I think many knitters have a secret (or not so secret) fantasy of having their own yarn shop. I'm certainly no exception.
I've been knitting for - wow - 45 years, and have always loved perusing yarn in shops. When I was little it was mainly acrylic, in garish primary colors, in drug stores or five and dimes. In my teens in England I would seek out actual yarn shops, still selling primarily acrylic, though some might at this point be stocking beauties by Rowan with more natural fibers and large color palettes and the accompanying pattern books full of inspiration and gorgeous photography. I was hooked.
I come from a family with a rich history in the 'gentle arts'. My great-grandmother was an accomplished weaver, my grandmothers made lace, needlepointed endless chair seats, knitted, crocheted, embroidered.
My mother made much of her own and my clothing as a child, stylish no less - oh those wide collars of the 70's made for wonderfully embarrassing school photos.. My aunt took me to Liberty's, endless floors of fabrics, fashions, yarns all perfectly presented to make them impossibly appealing. My mother took me to Hédiard in Paris (these days focused on food but back then - novelty wool bouclé in bright, saturated colors made me swoon!).
My aunt, mum and I went deep into a phase of stitching up every Kaffe Fassett needlepoint design as fast as he could publish them. I even had the hutzpah to call him up and ask for a job as a stitcher - he was very impressed that I'd finished his Rose Trellis Rug (which now resides in my craft room) and I ended up doing a freelance stint for Nepenthe, his parents restaurant and gift shop, stitching up a few sample pillows for them.
Moving forward a few decades and I suppose it's no surprise that I'm in the field of slingin' yarn. I chose to be more on the back end of the yarn business as I've learned I'm a process oriented type of person. The Making is the reward for me.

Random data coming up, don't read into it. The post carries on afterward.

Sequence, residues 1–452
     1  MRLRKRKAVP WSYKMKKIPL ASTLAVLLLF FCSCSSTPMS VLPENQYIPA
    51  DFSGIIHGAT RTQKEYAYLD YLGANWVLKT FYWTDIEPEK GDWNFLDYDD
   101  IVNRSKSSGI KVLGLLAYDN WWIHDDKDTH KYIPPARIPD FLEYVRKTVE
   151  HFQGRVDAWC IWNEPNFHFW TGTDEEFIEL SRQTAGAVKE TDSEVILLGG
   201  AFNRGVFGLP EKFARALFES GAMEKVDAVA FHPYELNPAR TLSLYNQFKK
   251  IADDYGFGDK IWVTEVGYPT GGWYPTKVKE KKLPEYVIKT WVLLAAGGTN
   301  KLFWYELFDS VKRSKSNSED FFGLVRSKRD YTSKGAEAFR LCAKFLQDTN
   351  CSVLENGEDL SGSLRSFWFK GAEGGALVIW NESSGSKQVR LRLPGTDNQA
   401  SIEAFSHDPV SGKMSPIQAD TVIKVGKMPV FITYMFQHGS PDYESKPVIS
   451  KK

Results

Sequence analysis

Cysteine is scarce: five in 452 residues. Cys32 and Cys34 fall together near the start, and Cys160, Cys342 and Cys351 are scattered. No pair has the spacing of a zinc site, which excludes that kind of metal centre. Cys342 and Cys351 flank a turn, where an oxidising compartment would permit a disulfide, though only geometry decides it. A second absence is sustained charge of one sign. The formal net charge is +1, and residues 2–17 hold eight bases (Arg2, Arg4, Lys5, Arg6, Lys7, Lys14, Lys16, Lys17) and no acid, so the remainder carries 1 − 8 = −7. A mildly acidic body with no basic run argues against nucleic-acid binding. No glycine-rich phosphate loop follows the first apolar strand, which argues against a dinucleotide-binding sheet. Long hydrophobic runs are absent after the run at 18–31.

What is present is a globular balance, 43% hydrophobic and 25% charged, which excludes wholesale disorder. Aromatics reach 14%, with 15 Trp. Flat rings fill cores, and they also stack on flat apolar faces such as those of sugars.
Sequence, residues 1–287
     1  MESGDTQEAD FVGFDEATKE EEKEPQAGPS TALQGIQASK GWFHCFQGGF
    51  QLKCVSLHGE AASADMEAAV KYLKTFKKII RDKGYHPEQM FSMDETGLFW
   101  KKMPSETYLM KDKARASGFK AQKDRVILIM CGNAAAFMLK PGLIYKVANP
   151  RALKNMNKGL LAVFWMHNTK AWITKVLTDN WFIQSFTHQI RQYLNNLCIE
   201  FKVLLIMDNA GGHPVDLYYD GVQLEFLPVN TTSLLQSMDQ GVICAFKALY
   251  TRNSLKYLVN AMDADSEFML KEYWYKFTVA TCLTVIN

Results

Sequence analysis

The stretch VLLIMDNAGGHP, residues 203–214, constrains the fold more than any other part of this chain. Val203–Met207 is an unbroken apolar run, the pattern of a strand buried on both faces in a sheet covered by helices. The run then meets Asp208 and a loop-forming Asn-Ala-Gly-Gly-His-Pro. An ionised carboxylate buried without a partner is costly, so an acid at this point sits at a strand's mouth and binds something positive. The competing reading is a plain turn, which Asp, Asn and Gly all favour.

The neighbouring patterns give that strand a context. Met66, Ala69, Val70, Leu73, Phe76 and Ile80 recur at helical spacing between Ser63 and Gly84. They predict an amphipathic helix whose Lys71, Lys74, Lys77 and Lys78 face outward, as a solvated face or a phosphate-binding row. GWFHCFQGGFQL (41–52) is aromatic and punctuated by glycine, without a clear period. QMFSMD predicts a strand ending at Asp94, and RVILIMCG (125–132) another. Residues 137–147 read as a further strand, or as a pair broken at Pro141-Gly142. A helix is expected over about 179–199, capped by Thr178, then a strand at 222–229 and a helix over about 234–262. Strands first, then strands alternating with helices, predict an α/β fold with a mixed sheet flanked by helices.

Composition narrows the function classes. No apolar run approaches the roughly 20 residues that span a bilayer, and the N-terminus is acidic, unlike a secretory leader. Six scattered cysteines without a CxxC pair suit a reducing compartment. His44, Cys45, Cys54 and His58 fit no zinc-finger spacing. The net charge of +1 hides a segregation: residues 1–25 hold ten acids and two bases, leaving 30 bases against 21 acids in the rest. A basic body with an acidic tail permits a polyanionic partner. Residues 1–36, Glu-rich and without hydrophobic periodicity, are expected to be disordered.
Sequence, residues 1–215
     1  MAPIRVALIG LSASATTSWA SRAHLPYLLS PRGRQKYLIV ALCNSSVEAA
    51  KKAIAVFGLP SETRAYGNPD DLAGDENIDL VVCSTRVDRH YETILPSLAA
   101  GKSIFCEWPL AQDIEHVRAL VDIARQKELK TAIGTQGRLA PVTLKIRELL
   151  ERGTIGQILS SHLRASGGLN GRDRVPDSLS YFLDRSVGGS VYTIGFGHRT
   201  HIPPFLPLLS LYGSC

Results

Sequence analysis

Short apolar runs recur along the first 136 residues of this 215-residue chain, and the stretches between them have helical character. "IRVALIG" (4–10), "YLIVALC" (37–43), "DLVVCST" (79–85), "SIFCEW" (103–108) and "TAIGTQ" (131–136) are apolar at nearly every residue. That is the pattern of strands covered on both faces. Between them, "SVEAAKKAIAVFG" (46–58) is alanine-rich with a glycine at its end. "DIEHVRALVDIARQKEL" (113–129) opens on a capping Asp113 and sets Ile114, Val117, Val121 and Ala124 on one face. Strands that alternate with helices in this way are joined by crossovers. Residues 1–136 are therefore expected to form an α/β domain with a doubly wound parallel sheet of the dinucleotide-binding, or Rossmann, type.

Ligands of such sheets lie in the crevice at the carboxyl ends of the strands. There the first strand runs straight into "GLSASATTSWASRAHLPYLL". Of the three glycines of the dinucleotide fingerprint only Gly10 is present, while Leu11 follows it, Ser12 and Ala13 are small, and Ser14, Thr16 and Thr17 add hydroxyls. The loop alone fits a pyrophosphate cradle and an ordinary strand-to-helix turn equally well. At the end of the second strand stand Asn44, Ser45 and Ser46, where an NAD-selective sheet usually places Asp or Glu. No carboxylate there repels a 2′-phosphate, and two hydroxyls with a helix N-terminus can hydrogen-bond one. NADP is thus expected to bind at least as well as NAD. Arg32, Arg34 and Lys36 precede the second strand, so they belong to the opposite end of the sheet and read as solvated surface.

I started designing, making kits, then a few years later shifted into dyeing the yarn and shortly thereafter added having the yarn custom spun to my specs. (Someone please stop me before I get my own sheep!). But all this time there was that nagging of wanting a little yarn shop.
Finally, 20 years "in the biz" and a cross-country move later, I have it. My own little atelier, a place of pretty yarn, on pretty shelves. Display elements from my various trade shows scattered about, including cones of yarn "ice cream" and our internet-famous lady of the ombré dress (she still needs a good name). I have a shop dog, of course - not always so well behaved but we're working on it. I have a large table for knitters to sit a bit, enjoy the view from our large mill windows - and the view of the working studio. Here you will find every yarn that we make, plus a few extra things, and some great secret deals. We have all our samples on display so you can get inspired and gain a deeper understanding of all the possibilities of a gradient yarn - far beyond the shawl! Plus when you visit you get to pick our brains - we know the yarn backwards, inside and out. We can help you pick the perfect yarn and project for that yarn, and we have years and years of experience to share.
On the days we are open we run brief workshops - Freia Fifteens - quick skill building lessons in a set theme for those who want to improve or even learn something entirely new. In addition to sharing the feel good factor of just visiting a pretty yarn shop, or learning something new, every studio open-day we donate 15% of gross sales to a local charitable organization. I want to give something back.
With a lot of hard work, and a good dose of good luck I've landed in a place I love doing what I love. I hope if you find yourself in our little neck of the woods you will come by and enjoy our little atelier as well.
The studio is located at 60 Roberts Drive, Suite 204, North Adams, MA. For monthly opening times please sign up on our mailing list, or keep an eye on our Instagram feed, or check back on this page for hours and days we're open.
ABout Tina Whitmore
Yarn Dyer, Designer, Dog Lover, in no particular order.. Founded Knitwhits in 2003, and Freia Fine Handpaints in 2010, introducing gradient yarn to knitting stores worldwide. Getting Hygge with it - warmth, comfort, color, texture, design, nature.